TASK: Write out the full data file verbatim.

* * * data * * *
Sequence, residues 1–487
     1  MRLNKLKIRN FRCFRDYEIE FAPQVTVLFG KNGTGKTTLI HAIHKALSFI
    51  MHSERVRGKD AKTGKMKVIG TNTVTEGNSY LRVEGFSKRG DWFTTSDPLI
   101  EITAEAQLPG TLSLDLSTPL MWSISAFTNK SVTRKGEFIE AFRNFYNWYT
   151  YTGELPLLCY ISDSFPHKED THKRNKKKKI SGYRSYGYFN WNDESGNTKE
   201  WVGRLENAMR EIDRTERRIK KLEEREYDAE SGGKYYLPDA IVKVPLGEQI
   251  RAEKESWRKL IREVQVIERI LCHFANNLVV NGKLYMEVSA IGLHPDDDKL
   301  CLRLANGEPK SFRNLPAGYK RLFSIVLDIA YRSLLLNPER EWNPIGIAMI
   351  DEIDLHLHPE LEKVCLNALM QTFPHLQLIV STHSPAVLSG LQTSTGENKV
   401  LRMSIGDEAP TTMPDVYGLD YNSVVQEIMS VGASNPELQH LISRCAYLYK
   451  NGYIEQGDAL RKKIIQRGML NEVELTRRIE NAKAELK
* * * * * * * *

Sequence, residues 1–487
     1  MRLNKLKIRN FRCFRDYEIE FAPQVTVLFG KNGTGKTTLI HAIHKALSFI
    51  MHSERVRGKD AKTGKMKVIG TNTVTEGNSY LRVEGFSKRG DWFTTSDPLI
   101  EITAEAQLPG TLSLDLSTPL MWSISAFTNK SVTRKGEFIE AFRNFYNWYT
   151  YTGELPLLCY ISDSFPHKED THKRNKKKKI SGYRSYGYFN WNDESGNTKE
   201  WVGRLENAMR EIDRTERRIK KLEEREYDAE SGGKYYLPDA IVKVPLGEQI
   251  RAEKESWRKL IREVQVIERI LCHFANNLVV NGKLYMEVSA IGLHPDDDKL
   301  CLRLANGEPK SFRNLPAGYK RLFSIVLDIA YRSLLLNPER EWNPIGIAMI
   351  DEIDLHLHPE LEKVCLNALM QTFPHLQLIV STHSPAVLSG LQTSTGENKV
   401  LRMSIGDEAP TTMPDVYGLD YNSVVQEIMS VGASNPELQH LISRCAYLYK
   451  NGYIEQGDAL RKKIIQRGML NEVELTRRIE NAKAELK